Showing posts with label online professors. Show all posts
Showing posts with label online professors. Show all posts

Thursday, March 19, 2015

8 Ways Online Education will Help Balance University Budgets

A sound college degree is expensive and the cost of managing universities is continuing to put pressure on stretched state budgets. Online education entered the market in the past few decades and is disrupting the traditional system. Despite this feather ruffling it also will bring a few new things that may help both universities and states become more cost effective.

The legal design of the institution (for or non-profit) is less important than the actual quality of education provided. To that end, traditional land based universities have come grudgingly to accept the merits of online education in both terms of cost and learning quality. Online education will change the cost structures of universities (Cowen & Tabarrok, 2014):

  1. Using the best professor and content creators to teach more students.
  2. Save time with less repetition and commuting costs.
  3. Flexibility in when and how lectures are viewed.
  4. Greater productivity improvements as software substitutes labor.
  5. Additional incentives to invest in quality as market increases.
  6. Stronger feedback through adaptive systems.
  7. Greater student measurements.
  8. Reduce cost and increase quality of higher education through enhancing productivity.

Online education is here to stay and will continue to grow and develop over the years. It will provide a number of benefits for universities whose administrative and cost burdens are high. By focusing on high quality online quality learning, universities will be able to find higher economies of scale and greater reach for their educational benefits.

Cowen, T. & Tabarrok, A. (2014). The industrial organization of online education. American Economic Review, 104 (5).

Wednesday, February 4, 2015

Has the Internet Spawned a New Generation of Professors?

The Internet is rapidly changing the nature of professorship and offers a whole new academic lifestyle. With the growth in virtual education, and the slow but steady adoption of online coursework by "traditional" universities, the creation of a new type of professor becomes apparent. Virtual professors live in a world where multiple responsibilities are balanced by integrating technology into their lifestyles. The new age of technology has spawned a new type of professor.

To be a strong virtual professor requires high technology and high pedagogic knowledge of the subject matter (McAnally-Salas, Lavigne, & De Vega, 2010). Low technology skills and high pedagogic knowledge didn’t work well as professors couldn’t share or express their knowledge. Likewise, high technology and low pedagogic knowledge limited depth of explanation. Both technology and knowledge must blend together to create effectiveness.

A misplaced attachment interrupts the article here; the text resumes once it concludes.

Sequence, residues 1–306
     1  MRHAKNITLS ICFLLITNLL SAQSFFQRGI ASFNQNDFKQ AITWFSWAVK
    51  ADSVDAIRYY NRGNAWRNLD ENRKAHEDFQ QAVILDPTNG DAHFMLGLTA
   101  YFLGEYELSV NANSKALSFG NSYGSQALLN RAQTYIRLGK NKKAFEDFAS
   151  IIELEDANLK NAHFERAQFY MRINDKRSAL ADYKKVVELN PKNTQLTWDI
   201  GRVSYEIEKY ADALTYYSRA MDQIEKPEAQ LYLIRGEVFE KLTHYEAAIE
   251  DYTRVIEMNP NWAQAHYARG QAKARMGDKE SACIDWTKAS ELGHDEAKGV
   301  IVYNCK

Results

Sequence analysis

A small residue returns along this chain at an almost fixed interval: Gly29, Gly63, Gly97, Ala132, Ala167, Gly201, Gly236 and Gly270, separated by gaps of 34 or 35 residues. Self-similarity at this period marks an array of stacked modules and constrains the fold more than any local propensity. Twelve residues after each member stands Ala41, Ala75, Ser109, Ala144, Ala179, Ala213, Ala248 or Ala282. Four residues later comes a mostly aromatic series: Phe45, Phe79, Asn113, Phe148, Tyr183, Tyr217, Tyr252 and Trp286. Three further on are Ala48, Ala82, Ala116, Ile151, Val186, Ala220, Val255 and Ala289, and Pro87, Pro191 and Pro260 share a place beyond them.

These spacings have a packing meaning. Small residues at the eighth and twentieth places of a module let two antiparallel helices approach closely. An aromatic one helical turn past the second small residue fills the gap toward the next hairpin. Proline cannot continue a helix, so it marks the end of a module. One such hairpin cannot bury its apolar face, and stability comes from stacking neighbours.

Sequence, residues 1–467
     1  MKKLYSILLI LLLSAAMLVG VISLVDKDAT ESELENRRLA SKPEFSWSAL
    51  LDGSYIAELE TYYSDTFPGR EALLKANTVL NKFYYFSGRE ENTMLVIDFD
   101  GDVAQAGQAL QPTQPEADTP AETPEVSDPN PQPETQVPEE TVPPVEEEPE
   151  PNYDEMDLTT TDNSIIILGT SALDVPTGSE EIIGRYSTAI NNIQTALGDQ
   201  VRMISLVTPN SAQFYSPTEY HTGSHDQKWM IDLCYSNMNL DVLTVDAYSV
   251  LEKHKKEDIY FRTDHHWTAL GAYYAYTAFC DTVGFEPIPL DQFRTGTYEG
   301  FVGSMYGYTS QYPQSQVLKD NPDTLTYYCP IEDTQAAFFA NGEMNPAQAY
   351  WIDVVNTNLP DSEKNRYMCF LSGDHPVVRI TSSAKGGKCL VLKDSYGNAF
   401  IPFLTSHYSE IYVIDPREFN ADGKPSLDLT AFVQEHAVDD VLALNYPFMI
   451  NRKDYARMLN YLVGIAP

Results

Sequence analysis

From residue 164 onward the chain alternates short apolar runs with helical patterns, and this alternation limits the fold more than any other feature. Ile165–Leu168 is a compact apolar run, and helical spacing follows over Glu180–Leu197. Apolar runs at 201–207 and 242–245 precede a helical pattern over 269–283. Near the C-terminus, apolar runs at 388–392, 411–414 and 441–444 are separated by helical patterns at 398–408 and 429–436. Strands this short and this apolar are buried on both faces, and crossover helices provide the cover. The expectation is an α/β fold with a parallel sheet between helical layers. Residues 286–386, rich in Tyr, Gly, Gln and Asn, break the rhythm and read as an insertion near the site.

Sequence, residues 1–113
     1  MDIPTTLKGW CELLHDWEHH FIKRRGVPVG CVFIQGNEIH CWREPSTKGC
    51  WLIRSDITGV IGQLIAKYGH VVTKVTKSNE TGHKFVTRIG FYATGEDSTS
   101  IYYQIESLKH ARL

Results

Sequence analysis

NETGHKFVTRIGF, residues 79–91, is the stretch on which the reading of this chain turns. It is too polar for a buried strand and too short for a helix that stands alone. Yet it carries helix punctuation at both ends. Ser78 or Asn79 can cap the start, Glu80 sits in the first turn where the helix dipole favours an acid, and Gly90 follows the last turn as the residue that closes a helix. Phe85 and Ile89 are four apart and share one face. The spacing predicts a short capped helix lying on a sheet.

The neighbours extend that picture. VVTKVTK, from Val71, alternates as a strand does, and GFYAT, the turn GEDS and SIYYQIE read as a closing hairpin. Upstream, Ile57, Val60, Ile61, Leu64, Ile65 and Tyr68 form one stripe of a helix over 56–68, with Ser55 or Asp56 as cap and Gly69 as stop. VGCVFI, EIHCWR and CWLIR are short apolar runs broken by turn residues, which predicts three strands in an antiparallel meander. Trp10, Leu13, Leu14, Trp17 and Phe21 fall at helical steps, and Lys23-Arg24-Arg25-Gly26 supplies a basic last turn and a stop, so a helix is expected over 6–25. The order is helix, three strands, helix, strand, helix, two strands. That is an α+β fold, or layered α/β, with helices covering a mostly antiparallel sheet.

Online professors don’t have the same level of wiggle room than traditional professors and must navigate an environment that is more concise. As professor’s online knowledge increased it was found that they were more exact, shifted toward the Socratic Method, and created multilogues with students (Coppola, Hiltz, & Rotter, 2002). The very structure of online courses changed the core abilities and competencies of professors to be more finite.

Online professors are very good at task management as their work becomes integrated with their lifestyle. Some may be checking class postings on their cell phones while waiting at the grocery store and others could be sitting in a coffee shop spending an hour correcting papers. The life of an online professor affords more flexibility throughout the day but requires a higher level of self-motivation and commitment.

All of this integration between technology and life generally means a person could be working longer into the evening even though the intensity of that work may be less. With blurred home-work boundaries it may seem as though they are more likely to experience stress and burn out. According to a study of virtual academics online professors are less likely to get burned out than their traditional colleagues (McCann & Holt, 2009).

The nature of today's academic is changing with the times. Virtual professors will have more flexibility with their time as classes are 24/7 asynchronous but also must check into their classes on a regular basis. They will be conducting research at different times of the day and evening while still grading papers. The lifestyle of the new professor is one that requires a new way of looking at occupation and work. There is a blend of life and purpose other occupations may not offer and has spawned a whole new way of educating students. 

Coppola, N., Hiltz, S. & Rotter, N. (2002). Becoming a virtual professor: pedagogical roles and asynchronous learning networks. Journal of Management Information Systems, 18 (4). 

McAnally-Salas, L., Lavigne, G. & De Vega, C. (2010). Online course instructional design from the professors’ pedagogic knowledge and technology skills. Problems of Education in the 21st Centure, 19.

McCann, J. & Holt, R. (2009). An exploration of burnout among online university professors. Journal of Distance Education, 23 (3).

Thursday, January 29, 2015

National Innovation Through Online Scholarship

Research is an important component of both online and ground based professorship. As matter of concern, trying to differentiate the two is dangerous as more universities move online and adjust the expectations of professors to fit online modalities. The institutions of higher learning have an important contribution to furthering knowledge through discovery and it makes no difference what modality they use. Removing this function can slow the pace of development for the nation by slowing new discoveries and innovation.